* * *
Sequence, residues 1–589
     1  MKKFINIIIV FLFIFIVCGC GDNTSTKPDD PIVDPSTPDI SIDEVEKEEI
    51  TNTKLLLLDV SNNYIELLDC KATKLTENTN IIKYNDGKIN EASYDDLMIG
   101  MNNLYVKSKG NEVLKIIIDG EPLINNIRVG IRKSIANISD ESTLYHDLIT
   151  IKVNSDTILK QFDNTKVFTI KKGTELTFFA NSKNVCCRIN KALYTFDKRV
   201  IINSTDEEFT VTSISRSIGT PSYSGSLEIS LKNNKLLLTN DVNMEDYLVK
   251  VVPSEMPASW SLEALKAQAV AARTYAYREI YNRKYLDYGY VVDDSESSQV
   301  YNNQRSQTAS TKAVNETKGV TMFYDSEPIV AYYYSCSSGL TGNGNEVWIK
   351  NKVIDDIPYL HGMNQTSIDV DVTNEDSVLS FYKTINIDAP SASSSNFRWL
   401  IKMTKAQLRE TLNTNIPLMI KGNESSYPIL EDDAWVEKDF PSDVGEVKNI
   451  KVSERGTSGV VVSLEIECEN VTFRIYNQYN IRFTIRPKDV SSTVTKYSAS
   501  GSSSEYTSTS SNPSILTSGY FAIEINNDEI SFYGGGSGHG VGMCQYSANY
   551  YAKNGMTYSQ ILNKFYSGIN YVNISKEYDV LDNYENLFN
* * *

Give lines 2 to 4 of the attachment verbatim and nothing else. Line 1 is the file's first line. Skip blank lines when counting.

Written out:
     1  MKKFINIIIV FLFIFIVCGC GDNTSTKPDD PIVDPSTPDI SIDEVEKEEI
    51  TNTKLLLLDV SNNYIELLDC KATKLTENTN IIKYNDGKIN EASYDDLMIG
   101  MNNLYVKSKG NEVLKIIIDG EPLINNIRVG IRKSIANISD ESTLYHDLIT